6 Surprising Signs You Might Have An STD

5. Sore throat

Not all STDs give you symptoms “down there.” If you engage in oral sex, a sore throat may indicate herpes or gonorrhea, Kelly-Weeder says. The best way to prevent this is to use a condom or dental dam during oral sex. If your sore throat really is an STD, it will often be accompanied by cold sores, fever, swollen glands and oral lesions, so don’t panic every time you come down with a cold.

6. Joint pain

Herpes, hepatitis B and HIV can all cause joint pain and muscle aches. Like many of the aforementioned symptoms, however, there are many explanations for joint pain that do not involve sexual contact at all so you’re best bet is to talk to your doctor if you’re concerned.

Now what?

You should definitely see a doctor—either your regular health care provider or schedule an appointment at your university’s health center—as soon as possible, but there are things you can do in the meantime if you suspect an STD. “If the symptoms look like a yeast infection (intense vaginal itching, vulvar and vaginal swelling, thick, white, mostly odorless discharge that looks a little like cottage cheese) [you] could try an over the counter yeast treatment like Monistat. If [you] do not get relief from [your] symptoms in a few days [you] need to be seen by a health care provider,” says Kelly-Weeder. Kelly-Weeder also recommends cool compresses or baths in mild tepid water to see if symptoms are relieved or reduced. “The most significant symptoms are those associated with abdominal pain, fever or chills. This may indicate that an STD has developed into pelvic inflammatory disease and has spread through the pelvic region. These women need to be seen immediately and should go to an emergency room if they cannot be seen elsewhere,” she says.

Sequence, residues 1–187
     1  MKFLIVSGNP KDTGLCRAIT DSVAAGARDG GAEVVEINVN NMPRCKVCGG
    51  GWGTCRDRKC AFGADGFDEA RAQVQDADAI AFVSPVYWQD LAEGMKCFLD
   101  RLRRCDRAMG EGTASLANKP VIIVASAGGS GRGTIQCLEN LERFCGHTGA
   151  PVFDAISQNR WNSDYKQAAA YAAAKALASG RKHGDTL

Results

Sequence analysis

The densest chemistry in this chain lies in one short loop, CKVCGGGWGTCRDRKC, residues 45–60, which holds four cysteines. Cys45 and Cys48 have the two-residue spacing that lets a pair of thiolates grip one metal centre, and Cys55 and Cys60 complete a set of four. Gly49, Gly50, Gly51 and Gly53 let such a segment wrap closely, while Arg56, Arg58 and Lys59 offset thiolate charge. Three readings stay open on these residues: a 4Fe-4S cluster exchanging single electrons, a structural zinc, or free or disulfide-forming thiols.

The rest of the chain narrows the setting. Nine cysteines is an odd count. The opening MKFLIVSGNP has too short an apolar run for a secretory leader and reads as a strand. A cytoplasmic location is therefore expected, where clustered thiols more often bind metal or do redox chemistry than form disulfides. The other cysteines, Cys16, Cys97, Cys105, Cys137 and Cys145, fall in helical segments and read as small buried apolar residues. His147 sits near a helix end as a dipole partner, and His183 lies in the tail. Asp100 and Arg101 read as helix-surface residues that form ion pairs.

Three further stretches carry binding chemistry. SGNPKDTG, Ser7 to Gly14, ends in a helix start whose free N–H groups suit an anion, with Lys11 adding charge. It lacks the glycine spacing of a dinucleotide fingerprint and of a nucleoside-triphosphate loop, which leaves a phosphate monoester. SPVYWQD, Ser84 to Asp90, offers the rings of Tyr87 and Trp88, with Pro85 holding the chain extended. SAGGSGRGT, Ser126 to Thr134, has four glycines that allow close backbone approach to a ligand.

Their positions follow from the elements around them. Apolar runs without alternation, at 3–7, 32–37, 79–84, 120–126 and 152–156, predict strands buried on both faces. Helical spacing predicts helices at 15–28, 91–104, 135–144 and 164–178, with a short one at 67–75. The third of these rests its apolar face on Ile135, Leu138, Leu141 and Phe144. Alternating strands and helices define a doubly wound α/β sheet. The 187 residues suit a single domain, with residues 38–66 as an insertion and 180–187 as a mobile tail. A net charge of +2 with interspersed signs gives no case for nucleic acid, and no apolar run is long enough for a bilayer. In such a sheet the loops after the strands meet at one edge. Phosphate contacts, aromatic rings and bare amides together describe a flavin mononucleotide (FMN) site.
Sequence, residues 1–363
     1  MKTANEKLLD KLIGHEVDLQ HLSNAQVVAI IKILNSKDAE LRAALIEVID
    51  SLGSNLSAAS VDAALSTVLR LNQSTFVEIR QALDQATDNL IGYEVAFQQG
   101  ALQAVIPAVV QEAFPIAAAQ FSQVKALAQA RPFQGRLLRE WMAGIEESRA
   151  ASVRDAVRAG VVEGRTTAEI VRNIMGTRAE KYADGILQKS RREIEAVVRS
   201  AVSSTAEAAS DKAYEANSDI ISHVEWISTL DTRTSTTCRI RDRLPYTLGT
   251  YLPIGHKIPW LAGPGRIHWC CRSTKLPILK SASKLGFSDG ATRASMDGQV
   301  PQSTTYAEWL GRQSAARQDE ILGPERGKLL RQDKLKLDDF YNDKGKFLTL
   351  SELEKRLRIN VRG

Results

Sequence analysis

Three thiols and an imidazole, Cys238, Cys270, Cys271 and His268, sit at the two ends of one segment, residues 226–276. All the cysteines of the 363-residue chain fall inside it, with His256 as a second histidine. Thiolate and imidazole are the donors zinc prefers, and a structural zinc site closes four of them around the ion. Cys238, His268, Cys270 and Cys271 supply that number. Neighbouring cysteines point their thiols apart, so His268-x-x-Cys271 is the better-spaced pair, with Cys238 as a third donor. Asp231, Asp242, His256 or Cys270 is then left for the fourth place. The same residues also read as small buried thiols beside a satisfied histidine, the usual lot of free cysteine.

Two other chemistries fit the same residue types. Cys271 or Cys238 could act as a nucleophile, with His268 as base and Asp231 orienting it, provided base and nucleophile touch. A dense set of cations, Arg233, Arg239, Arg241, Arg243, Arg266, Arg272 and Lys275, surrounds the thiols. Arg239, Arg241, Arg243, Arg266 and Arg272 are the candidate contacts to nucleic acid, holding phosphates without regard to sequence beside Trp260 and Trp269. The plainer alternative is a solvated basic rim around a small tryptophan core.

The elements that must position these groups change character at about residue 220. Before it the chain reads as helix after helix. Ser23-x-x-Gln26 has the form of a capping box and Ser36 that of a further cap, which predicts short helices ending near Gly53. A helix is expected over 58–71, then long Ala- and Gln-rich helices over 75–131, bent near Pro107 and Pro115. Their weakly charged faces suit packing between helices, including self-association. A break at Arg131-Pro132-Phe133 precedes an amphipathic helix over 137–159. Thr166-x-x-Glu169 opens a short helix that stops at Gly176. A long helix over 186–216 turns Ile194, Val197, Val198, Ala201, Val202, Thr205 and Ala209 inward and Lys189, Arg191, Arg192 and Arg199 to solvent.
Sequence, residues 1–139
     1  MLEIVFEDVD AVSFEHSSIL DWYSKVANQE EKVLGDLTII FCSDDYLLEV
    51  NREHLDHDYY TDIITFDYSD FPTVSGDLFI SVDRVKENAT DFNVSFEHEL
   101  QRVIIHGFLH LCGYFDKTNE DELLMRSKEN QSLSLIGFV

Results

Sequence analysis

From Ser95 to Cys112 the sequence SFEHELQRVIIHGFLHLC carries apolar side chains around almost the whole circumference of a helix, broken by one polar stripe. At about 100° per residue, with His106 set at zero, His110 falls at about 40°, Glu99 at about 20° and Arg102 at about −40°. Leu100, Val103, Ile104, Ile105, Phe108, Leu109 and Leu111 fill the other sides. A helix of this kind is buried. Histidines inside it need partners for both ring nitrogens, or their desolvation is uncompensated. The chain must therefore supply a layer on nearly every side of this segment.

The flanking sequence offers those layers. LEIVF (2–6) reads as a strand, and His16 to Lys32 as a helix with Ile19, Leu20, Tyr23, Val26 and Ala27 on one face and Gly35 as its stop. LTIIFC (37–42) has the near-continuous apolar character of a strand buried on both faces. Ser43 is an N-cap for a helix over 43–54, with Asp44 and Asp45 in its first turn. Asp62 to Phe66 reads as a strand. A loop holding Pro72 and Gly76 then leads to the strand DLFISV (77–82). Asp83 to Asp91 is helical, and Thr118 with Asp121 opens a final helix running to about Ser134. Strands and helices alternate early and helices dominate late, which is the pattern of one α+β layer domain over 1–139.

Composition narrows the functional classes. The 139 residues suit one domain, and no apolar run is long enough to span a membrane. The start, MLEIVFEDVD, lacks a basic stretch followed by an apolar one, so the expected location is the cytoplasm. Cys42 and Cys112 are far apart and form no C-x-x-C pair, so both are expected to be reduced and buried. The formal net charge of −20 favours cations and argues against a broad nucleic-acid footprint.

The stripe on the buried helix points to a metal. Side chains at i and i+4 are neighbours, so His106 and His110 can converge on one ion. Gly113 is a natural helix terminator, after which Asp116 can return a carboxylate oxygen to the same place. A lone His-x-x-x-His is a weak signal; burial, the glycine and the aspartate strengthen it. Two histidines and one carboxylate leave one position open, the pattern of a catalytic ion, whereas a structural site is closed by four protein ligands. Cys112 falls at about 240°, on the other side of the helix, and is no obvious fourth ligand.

Finally, Kelly-Weeder believes that best treatment for STDs is simply preventative care. “Absolutely all sexually active young women should receive the HPV vaccine to protect them against cervical cancer. Hepatitis B can be sexually transmitted and most young adults have been vaccinated against this in childhood so this should not be a problem any longer. Women should remember that the best protection against STDs is to use a condom with every sexual experience. Birth control pills only protect against pregnancy, not STDs!” she says.

Moral of the story? If you’re sexually active, see a gynecologist periodically. If you suspect you may have an STD, schedule an appointment with a doctor as soon as you can so that if you do have an infection, you can take care of it right away.